Bougainville optimistic as PNG changes government

Issue 

By Norm Dixon

The Bougainville Interim Government has welcomed the election of Papua New Guinea's new government led by Paias Wingti. The interim government's representative in Australia, Moses Havini, told Green Left Weekly that he believed the new government would be more committed to a peaceful settlement of the Bougainville crisis.

"Namaliu was bent on trying to solve the problem through the barrel of a gun", he said, despite the persistent efforts of Bougainville's leaders to return to negotiations.

"Mr Wingti, while opposition leader and campaigning during the election, made a statement that as soon as he became prime minister he would open a dialogue with us. Although he still sticks to the hard government stand [that Bougainville must remain part of PNG] we hope that will change as time progresses."

On July 19, Wingti told his first press conference that his government would "be more open with" the Bougainville Revolutionary Army. He said he was prepared to resume talks with Bougainville's leaders.

The Bougainville Interim Government has proposed an early meeting in a bid to find a peaceful solution to the crisis. The proposal was made in a letter congratulating Wingti on his election signed by the Bougainville's spokesperson in the Solomon Islands, Martin Miriori.

Havini said that Bougainvilleans remain committed to talks: "We have continued to emphasise that the best way of solving the situation is to get back to the negotiating table".

The foreign minister in the Wingti caretaker government, John Kaputin, told a press conference on July 22 that the Bougainville crisis was "a national tragedy" that required a political solution. He said that the new government would not decide its Bougainville policy until after "full consultation" with all parties involved, "including the BRA".

Kaputin also announced moves to repair relations with the Solomon Islands, whose territory has suffered two recent military raids by PNG's Australian-supplied patrol boats.

In an effort to reduce tensions, Kaputin said he had declined to approve strongly worded diplomatic protest prepared in response to Honiara's decision to issue a passport to Bougainville Interim Government member John Zale.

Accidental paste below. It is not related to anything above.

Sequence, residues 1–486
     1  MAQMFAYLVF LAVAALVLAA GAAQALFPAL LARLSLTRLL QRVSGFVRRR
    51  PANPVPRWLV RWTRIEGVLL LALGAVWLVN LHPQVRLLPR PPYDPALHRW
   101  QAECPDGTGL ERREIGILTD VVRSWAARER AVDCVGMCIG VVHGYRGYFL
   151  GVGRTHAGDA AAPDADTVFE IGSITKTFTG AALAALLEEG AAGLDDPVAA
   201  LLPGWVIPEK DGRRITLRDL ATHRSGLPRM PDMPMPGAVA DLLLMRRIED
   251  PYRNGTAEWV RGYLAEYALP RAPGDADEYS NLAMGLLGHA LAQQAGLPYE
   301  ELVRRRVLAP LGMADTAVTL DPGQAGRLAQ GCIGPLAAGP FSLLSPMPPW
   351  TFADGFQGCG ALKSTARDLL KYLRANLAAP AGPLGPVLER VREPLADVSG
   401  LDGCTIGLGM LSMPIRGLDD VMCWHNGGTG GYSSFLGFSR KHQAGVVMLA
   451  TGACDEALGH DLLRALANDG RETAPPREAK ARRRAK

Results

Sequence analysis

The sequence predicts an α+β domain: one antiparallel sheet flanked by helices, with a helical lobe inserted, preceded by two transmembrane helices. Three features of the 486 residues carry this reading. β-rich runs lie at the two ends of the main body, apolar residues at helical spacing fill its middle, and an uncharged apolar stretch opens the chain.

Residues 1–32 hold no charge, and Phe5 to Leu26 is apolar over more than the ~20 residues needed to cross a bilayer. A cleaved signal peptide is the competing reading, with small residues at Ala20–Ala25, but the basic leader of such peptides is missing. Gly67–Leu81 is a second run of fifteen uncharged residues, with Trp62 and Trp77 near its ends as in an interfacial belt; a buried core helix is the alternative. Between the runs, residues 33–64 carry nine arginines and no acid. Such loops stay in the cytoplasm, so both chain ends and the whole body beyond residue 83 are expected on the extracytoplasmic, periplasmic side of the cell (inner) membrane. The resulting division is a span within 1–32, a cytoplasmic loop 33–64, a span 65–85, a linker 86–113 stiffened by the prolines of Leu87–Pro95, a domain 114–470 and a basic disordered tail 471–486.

Kaputin announced that an extraordinary meeting of the Melanesian Spearhead Group (which groups the governments of PNG, Solomon Islands and Vanuatu) would be held in Vanuatu. While there, Wingti and Solomons President Solomon Mamaloni would hold talks to mend relations. Havini told Green Left Weekly that, prior to the general election, "the PNG Defence Force were planning to take the central region of Bougainville ... Towards the end of May and the beginning of June they made four attempted landings to try to retake Central Bougainville, but all these attempts failed."

Havini believes the PNGDF's military plans may be "somewhat thwarted by the election of the new government. I think the PNG military's stand is to now ease down a bit and see what the government will come up with.

"But of course Mr Wingti's biggest test will be if he can control the military ... I fear that the PNG military will increasingly flex its muscle and attempt to run the country."

Havini said that, whatever the PNG government does, "we are going to continue with our struggle. The bottom line is self-determination and independence for our people, however long it may take."

Bougainville urgently requires humanitarian assistance in the form of medical supplies and essential goods such as clothing and tinned foods. Bougainville's supporters are hoping to send these supplies through the blockade by boat in the near future. If Green Left Weekly readers can help in any way, they should phone Danny Brown on (03) 419 8700.

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